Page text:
I refer of course to Harviestoun's magnificent Bitter & Twisted, which is one of the inspirations for Bitter 42, the best bitter that I designed for Three Notch'd Brewing here in Virginia. Sure I've had it from the bottle many a time, but never before fresh from the tap, and what a revelation it is stripped of the abuses of bottling and long distance haulage, cleaner, crisper, hoppier, more delightful. So I had a couple with which to wash down my food, while Mrs V and I struck up a conversation with a Czech girl called Zuzana and the English guy she was hiking with, whose name escapes me.

By the time you are happily refreshed, the rain is looking ominous again, but when you aren't camping and have a B&B room waiting for you in Crianlarich, you just have to keep on going. The hike along the River Falloch was lovely going, despite the rain, and the mud, and the sheep shit, and the Mrs V suppressing her inner urge to hug on every form of livestock along the way whilst simultaneously being unnerved by the size of the sheep. The constant distant buzz of the A82 reminds you that civilsation isn't all that far away, and after another 4 hours plodding along, playing leap frog with families and couples that you end up on nodding terms with, you come to the side trail down the hill to Crianlarich, the Gateway to the Highlands.


Being Mrs V and I's 8th wedding anniversary I had naturally booked the smallest room in Crianlarich, old charmer that I am. Said room was at the inestimable Craigbank Guest House, a place I happily, and heartily, recommend to anyone looking for a room in Crianlarich. Obviously, being our anniversary I took Mrs V for a slap up meal to mark the auspicious occasion, to the pub next door, The Rod and Reel, where I saw a tap I had not seen in many a year, for Younger's Tartan Special.


I ignored the Tartan Special and went for the bottled Bitter & Twisted while Mrs V stuck with her cider, and eventually a hot toddy because she was starting to feel crappy. On a tip from Paul at Craigbank Mrs V had the chicken curry, while I went for an treat I loved at school, macaroni cheese and chips. Little side story, when I was a kid at school back home in Uist, the canteen had a weekly vegetarian day, it was on those days that discovered the delights of macaroni cheese and chips, with chips drenched in salad cream, I guess we all have weird things we loved as kids. Anyway, while it may have been the smallest room in Crianlarich, it was also a damned comfortable one, and the breakfast in the morning was a belter.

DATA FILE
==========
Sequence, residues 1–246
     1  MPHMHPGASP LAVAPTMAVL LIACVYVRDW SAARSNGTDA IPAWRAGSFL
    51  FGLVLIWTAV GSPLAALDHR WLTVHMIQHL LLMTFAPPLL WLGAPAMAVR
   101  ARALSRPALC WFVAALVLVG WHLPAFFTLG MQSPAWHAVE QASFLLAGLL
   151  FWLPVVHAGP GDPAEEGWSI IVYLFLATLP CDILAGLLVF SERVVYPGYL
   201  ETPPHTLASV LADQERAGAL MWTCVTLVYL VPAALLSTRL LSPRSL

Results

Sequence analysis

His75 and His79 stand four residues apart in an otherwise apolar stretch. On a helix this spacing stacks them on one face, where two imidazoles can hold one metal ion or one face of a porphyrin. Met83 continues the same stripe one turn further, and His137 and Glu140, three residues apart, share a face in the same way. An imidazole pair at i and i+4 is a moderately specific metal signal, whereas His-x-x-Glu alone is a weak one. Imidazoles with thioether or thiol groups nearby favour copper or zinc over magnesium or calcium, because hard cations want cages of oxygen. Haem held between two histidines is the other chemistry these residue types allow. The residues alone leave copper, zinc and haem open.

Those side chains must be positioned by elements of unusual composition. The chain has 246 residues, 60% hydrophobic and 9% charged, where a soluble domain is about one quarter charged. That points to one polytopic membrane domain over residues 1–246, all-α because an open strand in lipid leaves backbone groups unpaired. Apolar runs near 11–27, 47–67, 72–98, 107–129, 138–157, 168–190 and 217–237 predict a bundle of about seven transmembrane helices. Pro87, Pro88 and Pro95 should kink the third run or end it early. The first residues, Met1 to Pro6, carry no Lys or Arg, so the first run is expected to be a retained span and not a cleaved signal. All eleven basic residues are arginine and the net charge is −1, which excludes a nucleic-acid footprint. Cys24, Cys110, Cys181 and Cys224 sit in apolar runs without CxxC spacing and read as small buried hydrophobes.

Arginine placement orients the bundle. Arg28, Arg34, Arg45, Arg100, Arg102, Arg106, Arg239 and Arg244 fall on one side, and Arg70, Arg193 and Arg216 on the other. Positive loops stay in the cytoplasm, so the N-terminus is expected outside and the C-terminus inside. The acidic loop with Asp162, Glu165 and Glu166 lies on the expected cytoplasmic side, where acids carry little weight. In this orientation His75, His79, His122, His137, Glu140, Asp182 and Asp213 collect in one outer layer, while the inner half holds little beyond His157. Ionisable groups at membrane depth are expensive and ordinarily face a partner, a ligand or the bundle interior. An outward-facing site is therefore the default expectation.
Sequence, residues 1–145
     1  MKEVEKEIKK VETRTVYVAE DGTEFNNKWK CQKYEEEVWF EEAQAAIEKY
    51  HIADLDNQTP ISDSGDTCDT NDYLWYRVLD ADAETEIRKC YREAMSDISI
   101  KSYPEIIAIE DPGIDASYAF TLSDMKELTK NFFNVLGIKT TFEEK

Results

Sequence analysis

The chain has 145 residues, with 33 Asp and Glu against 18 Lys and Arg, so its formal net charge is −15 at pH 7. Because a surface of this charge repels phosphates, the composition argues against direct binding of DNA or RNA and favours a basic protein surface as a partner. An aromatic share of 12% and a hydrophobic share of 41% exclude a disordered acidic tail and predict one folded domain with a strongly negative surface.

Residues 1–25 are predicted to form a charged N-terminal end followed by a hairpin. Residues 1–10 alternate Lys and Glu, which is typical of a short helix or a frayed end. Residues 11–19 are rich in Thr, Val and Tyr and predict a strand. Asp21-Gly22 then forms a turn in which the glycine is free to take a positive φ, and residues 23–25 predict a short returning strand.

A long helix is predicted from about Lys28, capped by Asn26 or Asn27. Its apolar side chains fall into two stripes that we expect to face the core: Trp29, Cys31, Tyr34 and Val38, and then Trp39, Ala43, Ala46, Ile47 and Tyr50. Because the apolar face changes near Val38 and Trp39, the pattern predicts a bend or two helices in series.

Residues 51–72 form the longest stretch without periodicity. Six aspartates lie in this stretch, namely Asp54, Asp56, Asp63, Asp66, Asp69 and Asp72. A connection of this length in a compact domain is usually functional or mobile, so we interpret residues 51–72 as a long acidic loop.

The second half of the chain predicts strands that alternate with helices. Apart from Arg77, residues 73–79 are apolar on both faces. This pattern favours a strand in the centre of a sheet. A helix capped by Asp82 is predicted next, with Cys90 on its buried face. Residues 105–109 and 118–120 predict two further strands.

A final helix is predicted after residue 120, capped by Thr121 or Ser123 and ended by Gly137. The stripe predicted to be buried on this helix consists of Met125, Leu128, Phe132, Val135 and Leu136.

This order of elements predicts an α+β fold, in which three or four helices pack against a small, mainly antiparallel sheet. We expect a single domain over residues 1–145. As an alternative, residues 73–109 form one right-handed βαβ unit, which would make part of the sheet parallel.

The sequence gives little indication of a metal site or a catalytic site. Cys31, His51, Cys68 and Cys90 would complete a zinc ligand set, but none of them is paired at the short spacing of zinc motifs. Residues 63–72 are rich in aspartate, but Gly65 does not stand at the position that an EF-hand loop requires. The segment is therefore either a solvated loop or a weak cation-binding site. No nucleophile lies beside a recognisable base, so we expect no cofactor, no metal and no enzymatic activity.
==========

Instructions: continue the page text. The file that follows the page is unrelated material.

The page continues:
The next morning, Mrs V's birthday no less, we trudged back up to the trail, my right foot was starting to develop a magnificent blister, right on the tip of my pinky toe, which made getting going a little uncomfortable. Once momentum was gained though it didn't bother me all that much, and the walking was simply glorious as we made our way toward the Tyndrum Hills and the eponymous village, which has long been a stopping off point for my family on the drive north.

The Tyndrum Inn is a large yellow building that is simply impossible to miss, and it's public bar is an annex to one side. It was practically empty when we arrived, and so we leaned out packs against the bar and took seats facing the tap handles. I was in the mood for lager, I know you are shocked dear regular reader, and so ordered the Caledonian Three Hop, whose tap was beading profusely, and the dark golden liquid came in a branded mug. The beer itself was pretty good, though it became flabby as it got warmer, but I was drinking slower than usual so maybe that didn't help. However, the sweet potato and carrot soup was a corker that stoked a warming glow ahead of another 7 miles as we headed to Bridge of Orchy.


Tyndrum to Bridge of Orchy was probably my favourite 7 miles of the hike to be honest, beautiful scenery and a good track underfoot so that my blister didn't bother me too much. We didn't go anywhere for a drink during our stay in Bridge of Orchy. The B&B we stayed in, Taransay Cottage, also did an evening meal by request in advance and so we shared a couple of bottles with the owners before turning in for the night.